Publisher: Profile Books

ISBN: 1847656412

Category: Social Science

Page: 453

View: 7018

From its first publication in 1997, Altered State established itself as the definitive text on Ecstasy and dance culture. This new edition sees Matthew Collin cast a fresh eye on the heady events of the acid house 'Summer of Love' and the rave scene's euphoric escalation into commercial excess as MDMA became a mass-market narcotic. Altered State is the best-selling book on Ecstasy culture, using a cast of memorable characters to track the origins of the scene and its drug through psychedelic subcults, underground gay discos and the Balearic paradise of Ibiza, to the point where Tony Blair was using an Ecstasy anthem as an election campaign song. Altered State critically examines the ideologies and myths of the scene, documenting the criminal underside to the blissed-out image, shedding new light on the social history of the most spectacular youth movement of the twentieth century.
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Hot Stuff

Disco and the Remaking of American Culture

Author: Alice Echols

Publisher: W. W. Norton & Company

ISBN: 0393338916

Category: History

Page: 338

View: 1202

Reveals the ways in which disco permanently transformed popular music and influenced rap, techno, and trance music, while examining the complex relationship between disco and the era's major social movements.
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Impossible Dance

Club Culture and Queer World-Making

Author: Fiona Buckland

Publisher: Wesleyan University Press

ISBN: 0819570540

Category: Social Science

Page: 256

View: 5699

"Impossible Dance is a highly accessible, original and engaging account of the complex and often heavily theorized debates around the body, identity and community. Focusing on gay, lesbian and queer club culture in the 1990s New York City, this is the first book to bring together vital issues such as dance culture, queer community, sex culture, HIV identity and politics. Based on four years of field work, the book takes readers on a journey from the streets of New York City into the dance clubs and onto the dance floor. Detailed interviews with club-goers capture their perspectives on how they stage their self-fashioning through dancing. Fiona Buckland argues that such dancing embodies and rehearses a powerful political imagination, laying claim to the space and to one's body as queer."--Publishers Weekly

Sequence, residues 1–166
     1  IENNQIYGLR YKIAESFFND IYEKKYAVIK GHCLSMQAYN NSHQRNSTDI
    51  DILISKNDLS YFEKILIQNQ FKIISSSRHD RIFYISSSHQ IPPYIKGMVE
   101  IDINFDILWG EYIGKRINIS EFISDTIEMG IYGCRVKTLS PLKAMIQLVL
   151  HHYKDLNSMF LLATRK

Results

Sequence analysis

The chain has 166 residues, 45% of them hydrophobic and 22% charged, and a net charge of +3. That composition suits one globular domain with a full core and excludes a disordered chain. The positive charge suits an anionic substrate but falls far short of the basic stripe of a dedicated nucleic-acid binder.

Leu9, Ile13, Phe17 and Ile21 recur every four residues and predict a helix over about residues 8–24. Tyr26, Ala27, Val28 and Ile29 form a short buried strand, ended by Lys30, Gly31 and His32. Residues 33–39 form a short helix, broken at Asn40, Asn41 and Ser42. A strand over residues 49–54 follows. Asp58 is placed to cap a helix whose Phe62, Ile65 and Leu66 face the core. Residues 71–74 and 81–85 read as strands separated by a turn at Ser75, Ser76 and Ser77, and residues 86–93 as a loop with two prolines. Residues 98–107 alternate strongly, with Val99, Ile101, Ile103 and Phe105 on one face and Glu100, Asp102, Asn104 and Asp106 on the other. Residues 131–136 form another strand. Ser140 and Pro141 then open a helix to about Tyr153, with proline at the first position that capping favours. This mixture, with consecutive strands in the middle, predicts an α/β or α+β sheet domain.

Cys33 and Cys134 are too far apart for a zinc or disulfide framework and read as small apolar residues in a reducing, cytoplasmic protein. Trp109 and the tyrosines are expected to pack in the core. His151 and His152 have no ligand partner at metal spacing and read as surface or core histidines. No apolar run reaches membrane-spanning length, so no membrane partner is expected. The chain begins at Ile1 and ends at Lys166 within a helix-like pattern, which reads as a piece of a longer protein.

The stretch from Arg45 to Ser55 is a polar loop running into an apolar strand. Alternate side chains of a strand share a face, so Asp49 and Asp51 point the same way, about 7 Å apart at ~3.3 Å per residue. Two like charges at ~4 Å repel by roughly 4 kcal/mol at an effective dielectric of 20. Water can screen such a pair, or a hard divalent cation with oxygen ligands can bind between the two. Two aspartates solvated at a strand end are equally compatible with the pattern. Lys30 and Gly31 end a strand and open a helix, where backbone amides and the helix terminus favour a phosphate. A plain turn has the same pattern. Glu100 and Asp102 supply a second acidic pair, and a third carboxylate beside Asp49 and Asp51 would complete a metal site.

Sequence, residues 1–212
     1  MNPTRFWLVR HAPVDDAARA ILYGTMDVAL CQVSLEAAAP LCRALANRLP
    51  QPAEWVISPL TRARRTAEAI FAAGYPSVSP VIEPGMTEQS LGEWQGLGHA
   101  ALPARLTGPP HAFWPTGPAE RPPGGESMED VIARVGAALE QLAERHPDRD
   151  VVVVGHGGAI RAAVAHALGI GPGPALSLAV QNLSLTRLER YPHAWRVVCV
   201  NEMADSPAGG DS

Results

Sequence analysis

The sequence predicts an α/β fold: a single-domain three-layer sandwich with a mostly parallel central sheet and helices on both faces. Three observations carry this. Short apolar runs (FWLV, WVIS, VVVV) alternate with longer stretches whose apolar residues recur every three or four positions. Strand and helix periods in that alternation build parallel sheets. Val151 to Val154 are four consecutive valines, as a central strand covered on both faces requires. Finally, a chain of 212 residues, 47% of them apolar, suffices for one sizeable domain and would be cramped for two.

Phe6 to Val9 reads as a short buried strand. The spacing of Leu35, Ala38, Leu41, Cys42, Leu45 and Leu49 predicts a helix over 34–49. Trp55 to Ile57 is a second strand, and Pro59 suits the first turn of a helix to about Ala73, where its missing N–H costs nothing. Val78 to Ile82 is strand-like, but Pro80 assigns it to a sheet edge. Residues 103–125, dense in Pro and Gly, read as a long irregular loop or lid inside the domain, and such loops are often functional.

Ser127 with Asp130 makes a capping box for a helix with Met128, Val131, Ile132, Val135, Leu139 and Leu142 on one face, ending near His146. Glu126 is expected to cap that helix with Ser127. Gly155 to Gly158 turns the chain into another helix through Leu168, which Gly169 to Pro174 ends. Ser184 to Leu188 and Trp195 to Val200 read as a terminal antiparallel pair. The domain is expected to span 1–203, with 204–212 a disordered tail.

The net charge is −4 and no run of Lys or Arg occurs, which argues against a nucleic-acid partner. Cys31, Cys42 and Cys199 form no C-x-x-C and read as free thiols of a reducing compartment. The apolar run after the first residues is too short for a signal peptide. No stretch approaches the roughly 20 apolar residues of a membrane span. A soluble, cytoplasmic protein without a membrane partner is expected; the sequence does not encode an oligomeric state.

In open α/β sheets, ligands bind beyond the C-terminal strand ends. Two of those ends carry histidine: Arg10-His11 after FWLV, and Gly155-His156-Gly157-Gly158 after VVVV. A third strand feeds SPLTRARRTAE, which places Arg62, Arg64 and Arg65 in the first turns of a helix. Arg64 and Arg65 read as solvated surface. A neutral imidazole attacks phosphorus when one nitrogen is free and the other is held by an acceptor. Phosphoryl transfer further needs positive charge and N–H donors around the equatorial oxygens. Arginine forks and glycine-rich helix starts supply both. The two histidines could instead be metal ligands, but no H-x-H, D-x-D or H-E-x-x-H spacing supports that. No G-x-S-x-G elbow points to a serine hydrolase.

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Generation Ecstasy

Into the World of Techno and Rave Culture

Author: Simon Reynolds

Publisher: Routledge

ISBN: 1136783164

Category: Art

Page: 480

View: 805

In Generation Ecstasy, Simon Reynolds takes the reader on a guided tour of this end-of-the-millenium phenomenon, telling the story of rave culture and techno music as an insider who has dosed up and blissed out. A celebration of rave's quest for the perfect beat definitive chronicle of rave culture and electronic dance music.
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Turn the Beat Around

The Secret History of Disco

Author: Peter Shapiro

Publisher: Farrar, Straus and Giroux

ISBN: 1466894121

Category: Music

Page: 384

View: 8583

A long-overdue paean to the predominant musical form of the 70s and a thoughtful exploration of the culture that spawned it Disco may be the most universally derided musical form to come about in the past forty years. Yet, like its pop cultural peers punk and hip hop, it was born of a period of profound social and economic upheaval. In Turn the Beat Around, critic and journalist Peter Shapiro traces the history of disco music and culture. From the outset, disco was essentially a shotgun marriage between a newly out and proud gay sexuality and the first generation of post-civil rights African Americans, all to the serenade of the recently developed synthesizer. Shapiro maps out these converging influences, as well as disco's cultural antecedents in Europe, looks at the history of DJing, explores the mainstream disco craze at it's apex, and details the long shadow cast by disco's performers and devotees on today's musical landscape. One part cultural study, one part urban history, and one part glitter-pop confection, Turn the Beat Around is the most comprehensive study of the Me Generation to date.
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Last Night a DJ Saved My Life

The History of the Disc Jockey

Author: Bill Brewster,Frank Broughton

Publisher: Open Road + Grove/Atlantic

ISBN: 0802194362

Category: Music

Page: 448

View: 1920